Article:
Six Nations: Mighty Sergio Parisse the man who towers over Italy's failings

 

Captaining Italy is a job that demands an ability to man-manage an ever-evolving crisis. More often than not when Italy play, Italy lose and it was John Kirwan, the former All Black great and then Italy coach, who once neatly summed up the end-game for the captain as "invariably dealing with the crisis of defeat". It is a fire -fighting role in the Towering Inferno.

Kirwan gave Sergio Parisse his first cap 11 years ago and drew comparisons between the rangy young man and Zinzan Brooke. He knew what he was talking about, as did a later Italy coach Nick Mallett when he took the decision to appoint Parisse his captain five years ago. The South African is another of rugby's coaching globetrotters to have been mightily impressed by Parisse.

The player's return to the Italy side after the reduction of his suspension for swearing at the referee during a game for Stade Français is a huge fillip for the visitors to Twickenham on Sunday. It may not have any bearing on the result – this is an Italian team that does not travel well, as one away win in the Six Nations lays bare – but it will make the outcome more challenging for England in general and their back row and half-backs in particular, and it will certainly lift his team-mates. That is what happens when one of the world's leading players pulls on the shirt, all 6ft 5in of him. It's like Ryan Giggs running out for Wales, or George Best for Northern Ireland, only with more oomph and never a question over his utter commitment.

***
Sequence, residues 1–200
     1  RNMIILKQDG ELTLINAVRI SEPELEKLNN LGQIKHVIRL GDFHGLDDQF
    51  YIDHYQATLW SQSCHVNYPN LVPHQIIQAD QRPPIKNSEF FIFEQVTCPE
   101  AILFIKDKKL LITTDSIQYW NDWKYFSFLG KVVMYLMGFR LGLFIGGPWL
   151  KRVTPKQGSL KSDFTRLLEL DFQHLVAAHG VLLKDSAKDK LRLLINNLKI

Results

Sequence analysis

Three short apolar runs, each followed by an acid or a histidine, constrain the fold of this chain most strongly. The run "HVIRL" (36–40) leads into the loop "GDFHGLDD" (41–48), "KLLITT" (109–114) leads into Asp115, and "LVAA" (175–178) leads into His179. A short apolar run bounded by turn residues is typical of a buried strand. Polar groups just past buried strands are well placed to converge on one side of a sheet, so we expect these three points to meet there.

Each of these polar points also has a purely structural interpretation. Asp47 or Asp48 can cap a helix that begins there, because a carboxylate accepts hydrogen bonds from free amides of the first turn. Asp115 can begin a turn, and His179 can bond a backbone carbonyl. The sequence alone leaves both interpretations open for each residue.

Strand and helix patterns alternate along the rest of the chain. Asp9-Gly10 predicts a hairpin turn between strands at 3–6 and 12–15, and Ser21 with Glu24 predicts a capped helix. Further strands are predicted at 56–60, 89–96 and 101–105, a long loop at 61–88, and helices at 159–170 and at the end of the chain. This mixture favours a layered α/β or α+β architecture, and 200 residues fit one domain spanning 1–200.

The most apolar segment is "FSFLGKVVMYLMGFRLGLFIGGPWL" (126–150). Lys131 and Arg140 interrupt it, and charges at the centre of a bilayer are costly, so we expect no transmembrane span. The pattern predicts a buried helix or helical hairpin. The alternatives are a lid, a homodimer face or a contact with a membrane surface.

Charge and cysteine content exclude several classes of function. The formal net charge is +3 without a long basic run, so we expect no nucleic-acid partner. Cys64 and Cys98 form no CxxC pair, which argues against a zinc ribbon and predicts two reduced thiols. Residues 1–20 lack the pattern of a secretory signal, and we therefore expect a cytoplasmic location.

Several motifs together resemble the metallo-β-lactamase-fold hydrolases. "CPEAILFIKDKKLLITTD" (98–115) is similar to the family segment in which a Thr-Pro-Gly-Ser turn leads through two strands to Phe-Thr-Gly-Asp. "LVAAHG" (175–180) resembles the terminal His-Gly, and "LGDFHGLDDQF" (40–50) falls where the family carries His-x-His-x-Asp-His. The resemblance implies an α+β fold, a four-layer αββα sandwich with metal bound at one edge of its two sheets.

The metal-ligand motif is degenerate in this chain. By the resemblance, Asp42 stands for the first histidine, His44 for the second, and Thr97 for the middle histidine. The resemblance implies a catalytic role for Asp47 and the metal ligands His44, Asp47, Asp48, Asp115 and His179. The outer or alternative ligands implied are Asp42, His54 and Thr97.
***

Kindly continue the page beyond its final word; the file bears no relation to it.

Parisse will collect his 94th cap at the age of 29. It will be his 41st outing in the Six Nations – and only seven times has he finished on the winning side. The last was in the opening round of this Six Nations when he was at the heart of Italy's victory over France. That was a sit-up-and-take-note triumph, though regular viewers of Italian rugby were soon slouched back on the couch as the team was drubbed in Edinburgh – another false dawn, another crisis of defeat.

Parisse has spent much of his season in crisis management. He captains Stade, too, and the Parisian giants are struggling in the lower reaches of the Top 14. Three weeks ago they beat Bordeaux-Bègles in Paris but finished the game without their captain after he received an abrupt red card for swearing at the referee. Parisse denies having said anything out of line. "It's a big mistake, sir," he yelled in French as he made his way off. "Shitty call," he suggested once he reached the touchline.

A 40-day ban followed – his second major punishment after an eight-week penalty for eye-gouging in New Zealand in 2009 – with 10 of them suspended. On appeal it was reduced to 20 and that runs its course today.